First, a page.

Modern air conditioning has been a widespread feature in homes and vehicles for less than 50 years, but humans have lived in the Valley of the Sun for millennia. As we lament the heat of the summertime, we may gain some perspective by looking back to a time before there were 70-degree refuges readily available in Arizona.
How did these brave ancestors of ours survive the summer without the cool blasting reprieve of the air conditioner? It wasn’t easy. They used some of the same strategies we employ today and many others that most of us haven’t considered.
Nomadic peoples roamed the Valley as early as 9000 B.C., but our area’s first serious agricultural settlers were the Hohokam. They began settling the areas surrounding the once-raging Salt River around the year 1 A.D.
Today, you can visit the remains of the epicenter of their civilization at the Pueblo Grande Museum near Sky Harbor Airport. To enable this permanent settlement, the Hohokam people developed an extensive canal system to funnel water off the river to keep their crops growing year-round.
As far as bearing the brutal sun, they did the best they could.
“I am sure there were no great ways for dealing with the heat by the ancient Pueblo people who lived in the area,” said Professor Donald L. Fixico, a scholar of American Indian Studies at ASU. “Surely, they used water from the river and canals to cool themselves and keep hydrated.”
The museum features some re-creations of various home structures they employed throughout their history. These adobe homes feature shaded ramada-type structures outside main rooms that many believe functioned as places of refuge on hot days.
For them, outside in the shade was the coolest possible place to be in the summertime. Despite this seemingly brutal lifestyle, the Hohokam were able to maintain a steady presence in the area for 1,500 years.
American settlers arrived in central Arizona in the early 19th century. Perhaps the most vivid account of living here in this time comes from Martha Summerhayes, the wife of an Army lieutenant.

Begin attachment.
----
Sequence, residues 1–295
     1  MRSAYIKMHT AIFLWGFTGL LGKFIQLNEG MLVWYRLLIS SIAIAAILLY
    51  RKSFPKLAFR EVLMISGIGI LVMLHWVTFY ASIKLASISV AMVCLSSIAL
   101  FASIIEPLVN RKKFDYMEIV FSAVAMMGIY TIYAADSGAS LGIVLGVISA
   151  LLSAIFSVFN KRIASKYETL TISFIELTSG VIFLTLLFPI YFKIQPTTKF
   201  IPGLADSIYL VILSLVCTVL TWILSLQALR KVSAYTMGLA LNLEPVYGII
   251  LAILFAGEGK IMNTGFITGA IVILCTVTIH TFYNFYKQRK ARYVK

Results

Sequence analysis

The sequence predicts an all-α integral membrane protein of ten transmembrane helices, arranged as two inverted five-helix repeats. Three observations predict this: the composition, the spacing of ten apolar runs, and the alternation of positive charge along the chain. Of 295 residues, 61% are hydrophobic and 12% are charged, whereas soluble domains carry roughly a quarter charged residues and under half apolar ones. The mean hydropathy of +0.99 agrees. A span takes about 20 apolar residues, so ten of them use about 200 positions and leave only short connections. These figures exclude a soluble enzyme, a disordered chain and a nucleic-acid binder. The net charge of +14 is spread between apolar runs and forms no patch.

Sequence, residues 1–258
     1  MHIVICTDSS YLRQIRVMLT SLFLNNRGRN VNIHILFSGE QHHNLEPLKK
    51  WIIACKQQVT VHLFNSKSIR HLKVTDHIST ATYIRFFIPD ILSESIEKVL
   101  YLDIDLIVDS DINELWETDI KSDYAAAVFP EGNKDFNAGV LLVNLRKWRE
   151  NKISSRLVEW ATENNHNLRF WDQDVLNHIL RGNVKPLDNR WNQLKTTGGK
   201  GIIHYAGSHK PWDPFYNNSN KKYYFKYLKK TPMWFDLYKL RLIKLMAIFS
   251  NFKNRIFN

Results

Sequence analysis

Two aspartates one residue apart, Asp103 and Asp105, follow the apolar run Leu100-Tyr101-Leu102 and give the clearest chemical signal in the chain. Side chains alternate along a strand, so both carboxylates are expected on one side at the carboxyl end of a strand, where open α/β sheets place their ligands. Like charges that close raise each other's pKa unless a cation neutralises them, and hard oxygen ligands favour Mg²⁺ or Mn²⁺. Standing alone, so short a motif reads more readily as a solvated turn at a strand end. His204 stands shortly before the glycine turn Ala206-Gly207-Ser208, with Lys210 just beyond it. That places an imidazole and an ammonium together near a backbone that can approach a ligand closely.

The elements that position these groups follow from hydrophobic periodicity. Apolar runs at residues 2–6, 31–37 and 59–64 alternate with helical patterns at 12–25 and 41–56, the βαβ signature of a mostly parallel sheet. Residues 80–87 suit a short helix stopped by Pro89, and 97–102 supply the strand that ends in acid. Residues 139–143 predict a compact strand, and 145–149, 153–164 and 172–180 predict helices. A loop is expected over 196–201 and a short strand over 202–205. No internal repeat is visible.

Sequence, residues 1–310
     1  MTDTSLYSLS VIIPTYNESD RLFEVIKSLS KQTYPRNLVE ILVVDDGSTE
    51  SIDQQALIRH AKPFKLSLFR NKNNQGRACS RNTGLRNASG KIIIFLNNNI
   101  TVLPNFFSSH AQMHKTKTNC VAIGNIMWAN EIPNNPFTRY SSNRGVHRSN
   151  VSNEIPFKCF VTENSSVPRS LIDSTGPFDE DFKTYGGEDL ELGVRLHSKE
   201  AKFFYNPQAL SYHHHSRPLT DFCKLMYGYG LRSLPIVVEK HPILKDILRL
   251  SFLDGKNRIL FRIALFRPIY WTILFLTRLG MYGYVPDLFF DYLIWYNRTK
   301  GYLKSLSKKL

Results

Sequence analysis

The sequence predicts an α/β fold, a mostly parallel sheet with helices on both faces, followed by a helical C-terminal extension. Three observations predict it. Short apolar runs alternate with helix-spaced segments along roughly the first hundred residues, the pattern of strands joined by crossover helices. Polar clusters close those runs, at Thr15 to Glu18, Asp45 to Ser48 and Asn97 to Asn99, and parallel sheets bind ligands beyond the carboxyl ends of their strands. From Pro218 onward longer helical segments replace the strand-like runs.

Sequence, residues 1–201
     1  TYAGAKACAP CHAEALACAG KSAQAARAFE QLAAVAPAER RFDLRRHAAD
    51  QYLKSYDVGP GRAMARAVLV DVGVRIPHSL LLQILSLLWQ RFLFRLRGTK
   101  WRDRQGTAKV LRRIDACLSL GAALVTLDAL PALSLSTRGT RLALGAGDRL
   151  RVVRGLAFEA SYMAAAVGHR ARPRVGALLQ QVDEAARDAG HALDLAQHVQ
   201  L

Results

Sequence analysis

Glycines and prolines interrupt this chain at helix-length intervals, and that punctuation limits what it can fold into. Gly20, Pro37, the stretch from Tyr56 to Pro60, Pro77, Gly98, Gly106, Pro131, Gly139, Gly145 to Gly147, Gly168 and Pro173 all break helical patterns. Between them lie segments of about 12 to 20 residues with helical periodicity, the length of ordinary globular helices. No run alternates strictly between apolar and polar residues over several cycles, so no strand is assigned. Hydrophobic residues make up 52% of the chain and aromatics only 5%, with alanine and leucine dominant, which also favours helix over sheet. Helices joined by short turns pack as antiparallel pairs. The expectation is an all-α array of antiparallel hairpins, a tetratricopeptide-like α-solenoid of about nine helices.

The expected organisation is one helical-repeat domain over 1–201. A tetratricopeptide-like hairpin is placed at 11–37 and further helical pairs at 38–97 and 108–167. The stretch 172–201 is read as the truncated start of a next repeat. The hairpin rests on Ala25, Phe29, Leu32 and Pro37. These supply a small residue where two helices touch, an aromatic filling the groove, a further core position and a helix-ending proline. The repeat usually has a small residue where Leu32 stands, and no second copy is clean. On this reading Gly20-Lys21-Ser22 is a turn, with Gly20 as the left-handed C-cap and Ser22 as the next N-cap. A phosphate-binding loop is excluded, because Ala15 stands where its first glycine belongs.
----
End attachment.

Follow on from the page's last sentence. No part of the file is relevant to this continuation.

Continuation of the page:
According to Summerhayes, at that time, the then Arizona territory was said to be “the hottest place that ever existed.” She spent 1876–1878 at old Fort McDowell and offers fascinating, amusing and intimate insight as to what daily life was like in her book, Vanished Arizona.
She talks of uncomfortably hot dresses, perpetually dusty hair, “indescribably” smelly rotten food and swimming in the Verde River.
She and her family slept outdoors on iron cots with their legs stuck in cans of water to ward off ants and scorpions, but the “incredibly” early sunrise and disconcerting howls of nearby coyotes prevented anyone from getting much rest.
“The good sweet slumber which I craved never came to me in those weird Arizona nights under the stars,” Summerhayes wrote.
In fact, according to Scottsdale Historian Joan Fudala, before the arrival of swamp coolers in the 20s, in the summertime, Valley dwellers almost exclusively slept outside, sometimes wrapping themselves in wet blankets.
In those years, there were very few traditional houses or structures in town. Most were tent homes: framed structures with big canvas flaps on the side that could be opened to catch any morning or evening breeze (you can see a re-creation of one at the Scottsdale Historical Museum in Old Town). These homes featured outdoor kitchens and were generally far too hot to spend much time in during the summer.
“It helped the sense of community because everybody was out doing things in their front yard in the evenings. I guess you really did get to know your neighbors when you were sleeping next to them,” Fudala said.
In a time before swimming pools, early Arizonans swam in large cattle troughs, canals and the now dried-up Salt River at a popular place once called “Tempe Beach.”
In 1918, electricity arrived in Scottsdale and with it, the town’s first swamp cooler appeared at Brown’s General Store.
Slowly but surely, things started to change.
Traditional, fully-enclosed homes sprung up and people began to sleep and cook inside. Refrigeration radically expanded the availability of raw meat and dairy and an ice cream parlor opened in Old Town. The concept of the “summer blockbuster” also developed in the 20s as the area’s first cooled movie theaters opened in Phoenix and Tempe, offering a respite from the heat.
Still, evaporative cooling wasn’t perfect. Nearly all the area’s resorts closed in the summer, and the Valley was still perceived as an extreme place to live. Air conditioning changed that.
The history of modern AC is intertwined with the history of Phoenix. In the 1940s, local company Goettl created the first air conditioning units that could be effectively used to cool buildings to the luxurious indoor temperatures to which we’ve since grown accustomed.
Fudala says that although there were many factors in our area’s population explosion following WWII, without AC, none of that growth would have been possible.
Although we still complain, to be sure, we have quite an advantage over our pre-AC ancestors. They found ingenious ways to survive, but as Summerhayes reminds us, it was not easy.
“I did not like those desert places, and they grew to have a horror for me,” Summerhayes concluded.